Addiction Recovery: 5 Ways to Set Yourself Up for Success
All the willpower in the world will do little for you when it comes to addiction recovery. Addiction is a disease that is causing you to crave something, whether it is a substance or an activity. Could you “will away” the flu? Doubtful, right? You would seek a physician’s help to get better. Getting better from an addiction should be viewed in a similar way.
Addiction causes changes in the brain itself. Even after a person with an addiction has been sober for some time, those changes in the brain are still there. This is why addiction recovery is so challenging and why many people with the best intentions to stay sober frequently relapse.
If we know how addiction works in the brain, shouldn’t there be a way to undo the changes it has wrought? Unfortunately, there’s no one way to “cure” addiction. The good news is, there are many solutions that have been researched and proven effective in real-world situations. Not all addictions are the same and the multiplicity of ways to addiction recovery means that there is something out there that will work for you.
Because of the brain alterations that happen when someone becomes addicted, some recovery programs use prescription drugs to help manage the cravings. Remember those nicotine patch advertisements you might have seen on television? The same principle is sometimes applied in the treatment of illicit substance abuse. Prescription drugs can also help in the detoxification process, as withdrawal symptoms can be not only frightening, but dangerous or even life-threatening. If the detoxification process can be managed without severe suffering, the better the chances of recovery. Using medications in this process helps stabilize the addict’s brain for enough time to complete the detoxification stage of addiction recovery.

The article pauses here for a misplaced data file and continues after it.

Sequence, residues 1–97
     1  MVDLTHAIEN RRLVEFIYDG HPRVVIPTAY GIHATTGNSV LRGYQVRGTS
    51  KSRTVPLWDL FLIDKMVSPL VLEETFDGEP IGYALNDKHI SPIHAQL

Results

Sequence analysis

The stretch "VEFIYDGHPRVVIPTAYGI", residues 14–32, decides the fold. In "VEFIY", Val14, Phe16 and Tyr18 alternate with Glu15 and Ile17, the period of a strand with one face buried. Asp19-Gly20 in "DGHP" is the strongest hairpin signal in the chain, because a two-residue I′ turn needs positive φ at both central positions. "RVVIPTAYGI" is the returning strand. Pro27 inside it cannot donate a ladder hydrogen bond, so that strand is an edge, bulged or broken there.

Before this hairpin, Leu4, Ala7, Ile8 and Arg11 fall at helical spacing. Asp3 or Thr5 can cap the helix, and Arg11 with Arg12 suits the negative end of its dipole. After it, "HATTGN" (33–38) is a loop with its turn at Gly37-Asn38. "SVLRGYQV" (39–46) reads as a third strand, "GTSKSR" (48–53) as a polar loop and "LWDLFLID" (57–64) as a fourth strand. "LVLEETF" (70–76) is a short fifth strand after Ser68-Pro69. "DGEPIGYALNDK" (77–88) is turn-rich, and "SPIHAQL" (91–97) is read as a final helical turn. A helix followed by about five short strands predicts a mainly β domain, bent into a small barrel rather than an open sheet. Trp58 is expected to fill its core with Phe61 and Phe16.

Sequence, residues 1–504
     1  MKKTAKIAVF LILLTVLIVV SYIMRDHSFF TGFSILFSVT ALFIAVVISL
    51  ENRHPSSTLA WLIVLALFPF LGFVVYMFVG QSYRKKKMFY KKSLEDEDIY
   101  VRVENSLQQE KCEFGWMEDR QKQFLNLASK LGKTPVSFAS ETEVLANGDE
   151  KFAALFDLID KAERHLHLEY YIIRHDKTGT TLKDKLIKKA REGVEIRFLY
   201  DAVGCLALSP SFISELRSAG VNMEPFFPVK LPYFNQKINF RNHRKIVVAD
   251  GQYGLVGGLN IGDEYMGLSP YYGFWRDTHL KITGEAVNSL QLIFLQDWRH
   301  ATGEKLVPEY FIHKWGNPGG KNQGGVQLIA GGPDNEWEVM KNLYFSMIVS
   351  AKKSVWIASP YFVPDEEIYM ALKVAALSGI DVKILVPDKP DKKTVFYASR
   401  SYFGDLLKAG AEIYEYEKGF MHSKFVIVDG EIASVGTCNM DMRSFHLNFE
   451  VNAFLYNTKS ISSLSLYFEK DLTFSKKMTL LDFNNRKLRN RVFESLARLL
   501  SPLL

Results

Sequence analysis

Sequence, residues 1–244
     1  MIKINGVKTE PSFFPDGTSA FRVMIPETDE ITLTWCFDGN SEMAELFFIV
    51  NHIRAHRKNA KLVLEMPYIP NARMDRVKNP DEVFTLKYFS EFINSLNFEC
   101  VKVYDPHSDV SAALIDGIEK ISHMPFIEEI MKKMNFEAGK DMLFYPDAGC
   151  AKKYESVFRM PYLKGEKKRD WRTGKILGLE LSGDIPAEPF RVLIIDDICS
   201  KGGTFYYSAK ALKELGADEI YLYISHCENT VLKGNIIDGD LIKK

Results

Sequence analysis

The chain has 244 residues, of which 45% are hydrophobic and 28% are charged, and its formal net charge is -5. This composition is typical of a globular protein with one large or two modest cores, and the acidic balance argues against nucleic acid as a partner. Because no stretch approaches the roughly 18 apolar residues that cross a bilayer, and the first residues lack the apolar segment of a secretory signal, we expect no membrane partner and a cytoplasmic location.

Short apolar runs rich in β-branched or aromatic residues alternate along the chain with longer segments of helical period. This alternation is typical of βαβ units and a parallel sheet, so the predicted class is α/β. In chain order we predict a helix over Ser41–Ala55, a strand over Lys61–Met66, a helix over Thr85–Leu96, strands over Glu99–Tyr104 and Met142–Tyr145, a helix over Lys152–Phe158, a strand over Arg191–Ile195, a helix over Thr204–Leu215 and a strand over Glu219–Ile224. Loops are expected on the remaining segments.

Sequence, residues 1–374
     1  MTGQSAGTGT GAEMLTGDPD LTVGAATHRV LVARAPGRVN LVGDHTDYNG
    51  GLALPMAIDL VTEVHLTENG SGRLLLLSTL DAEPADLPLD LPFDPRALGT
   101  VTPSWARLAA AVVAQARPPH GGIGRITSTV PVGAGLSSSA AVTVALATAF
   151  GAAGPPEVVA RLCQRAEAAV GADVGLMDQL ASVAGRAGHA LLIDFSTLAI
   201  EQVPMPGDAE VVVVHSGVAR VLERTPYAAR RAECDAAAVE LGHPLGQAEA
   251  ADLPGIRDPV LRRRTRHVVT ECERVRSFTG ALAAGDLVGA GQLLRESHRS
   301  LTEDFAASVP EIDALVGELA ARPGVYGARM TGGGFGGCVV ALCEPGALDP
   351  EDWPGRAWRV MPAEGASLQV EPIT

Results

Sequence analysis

A licensed professional can help you determine if medication is the right option for you. Other methods of therapy and recovery may work better, depending on your situation. No matter what path your voyage to healing takes, read on for five ways you can set yourself up for success.
1. Take things one day at a time
Recovery is not only the end goal. It’s a process as well. Don’t let negativity get to you. Ask your therapist for some ways to combat negative thoughts. Just because you slip one time, it does not mean you should give up on your recovery. You are not a failure. You’re going through a major life change and it takes time to adjust to a new mode of living. Everything you’ve been told or recommended to to might seem like a jumbled mess at first, but take it step by step and soon you’ll be on the right path.
2. Get a support system
Addiction can make you feel very isolated. As you begin your process of addiction recovery, communicate with your friends and family about what you’re going through. People who love you want to know how you’re doing and knowing you have people who care about you, even when you’re going through a tough time, can be a great emotional boost. Also consider joining an official support group, like AA or a faith-based group. Your therapist should be able to recommend a support network to you. Having a network of people going through similar experiences as you can be very liberating, help you stay motivated, and provide helpful tips.
3. Change your friends
Addicts are often friends with other substance abusers. If your friends are likely to put your recovery at risk through their influence or enabling behaviors, it’s time to get some new friends. Surround yourself with positive people.
4. Make other healthy lifestyle choices
Replacing bad habits with good ones is key to addiction recovery. Make sure you’re eating right. This will help not only your physical health, but your mental state as well. Don’t forget the power of exercise when it comes to your mental health either. Try to get started on a regular exercise regime.
Dealing with your substance abuse can be mentally exhausting and even a bit demoralizing. Give yourself a self-esteem boost by getting out there and doing some volunteer work. Give back to your community or contribute to a cause you feel strongly about. Feeling accomplished will help keep you in a positive mood and aid in your recovery.